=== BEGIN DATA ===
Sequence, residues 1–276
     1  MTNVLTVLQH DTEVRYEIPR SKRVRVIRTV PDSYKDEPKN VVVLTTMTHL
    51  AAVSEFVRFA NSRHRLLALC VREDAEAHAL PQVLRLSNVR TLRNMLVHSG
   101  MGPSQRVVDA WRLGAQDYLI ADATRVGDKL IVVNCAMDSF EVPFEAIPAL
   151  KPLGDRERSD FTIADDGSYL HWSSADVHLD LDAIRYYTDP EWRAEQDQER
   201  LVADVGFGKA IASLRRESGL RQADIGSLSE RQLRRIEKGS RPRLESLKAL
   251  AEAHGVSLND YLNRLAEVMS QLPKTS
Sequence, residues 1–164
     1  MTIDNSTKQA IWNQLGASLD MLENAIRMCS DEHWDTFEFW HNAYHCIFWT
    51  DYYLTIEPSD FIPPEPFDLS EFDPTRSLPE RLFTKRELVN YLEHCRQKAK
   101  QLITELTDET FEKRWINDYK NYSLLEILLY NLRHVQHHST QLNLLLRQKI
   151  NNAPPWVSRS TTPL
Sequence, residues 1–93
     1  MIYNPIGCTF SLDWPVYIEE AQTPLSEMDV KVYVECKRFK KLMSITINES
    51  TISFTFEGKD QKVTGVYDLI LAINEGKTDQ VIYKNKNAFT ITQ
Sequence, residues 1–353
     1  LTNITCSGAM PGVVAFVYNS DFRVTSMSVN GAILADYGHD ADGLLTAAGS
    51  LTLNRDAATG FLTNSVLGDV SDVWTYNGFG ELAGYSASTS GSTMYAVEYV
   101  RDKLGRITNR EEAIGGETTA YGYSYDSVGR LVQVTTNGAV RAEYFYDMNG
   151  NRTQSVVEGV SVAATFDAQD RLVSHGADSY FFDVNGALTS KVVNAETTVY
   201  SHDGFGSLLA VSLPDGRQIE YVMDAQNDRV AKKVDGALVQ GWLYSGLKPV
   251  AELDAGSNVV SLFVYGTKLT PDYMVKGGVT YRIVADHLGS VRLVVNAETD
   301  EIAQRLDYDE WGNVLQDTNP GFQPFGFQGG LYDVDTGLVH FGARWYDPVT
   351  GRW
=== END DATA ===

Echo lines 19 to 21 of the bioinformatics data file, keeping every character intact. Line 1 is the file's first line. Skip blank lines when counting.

   101  RDKLGRITNR EEAIGGETTA YGYSYDSVGR LVQVTTNGAV RAEYFYDMNG
   151  NRTQSVVEGV SVAATFDAQD RLVSHGADSY FFDVNGALTS KVVNAETTVY
   201  SHDGFGSLLA VSLPDGRQIE YVMDAQNDRV AKKVDGALVQ GWLYSGLKPV